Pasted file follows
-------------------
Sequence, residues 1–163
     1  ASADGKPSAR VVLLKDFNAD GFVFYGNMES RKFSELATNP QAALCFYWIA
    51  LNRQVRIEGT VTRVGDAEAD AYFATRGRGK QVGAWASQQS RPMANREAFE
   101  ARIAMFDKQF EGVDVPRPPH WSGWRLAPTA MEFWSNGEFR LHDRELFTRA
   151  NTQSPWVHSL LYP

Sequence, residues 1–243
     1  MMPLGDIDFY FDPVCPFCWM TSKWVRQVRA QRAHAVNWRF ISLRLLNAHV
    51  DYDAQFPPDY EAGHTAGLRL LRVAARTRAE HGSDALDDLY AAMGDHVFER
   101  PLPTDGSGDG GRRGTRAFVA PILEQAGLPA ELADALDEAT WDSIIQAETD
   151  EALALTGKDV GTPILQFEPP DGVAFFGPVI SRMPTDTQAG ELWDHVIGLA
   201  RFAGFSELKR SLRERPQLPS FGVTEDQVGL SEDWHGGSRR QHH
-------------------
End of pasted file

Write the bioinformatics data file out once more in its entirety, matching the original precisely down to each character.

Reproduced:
Sequence, residues 1–163
     1  ASADGKPSAR VVLLKDFNAD GFVFYGNMES RKFSELATNP QAALCFYWIA
    51  LNRQVRIEGT VTRVGDAEAD AYFATRGRGK QVGAWASQQS RPMANREAFE
   101  ARIAMFDKQF EGVDVPRPPH WSGWRLAPTA MEFWSNGEFR LHDRELFTRA
   151  NTQSPWVHSL LYP

Sequence, residues 1–243
     1  MMPLGDIDFY FDPVCPFCWM TSKWVRQVRA QRAHAVNWRF ISLRLLNAHV
    51  DYDAQFPPDY EAGHTAGLRL LRVAARTRAE HGSDALDDLY AAMGDHVFER
   101  PLPTDGSGDG GRRGTRAFVA PILEQAGLPA ELADALDEAT WDSIIQAETD
   151  EALALTGKDV GTPILQFEPP DGVAFFGPVI SRMPTDTQAG ELWDHVIGLA
   201  RFAGFSELKR SLRERPQLPS FGVTEDQVGL SEDWHGGSRR QHH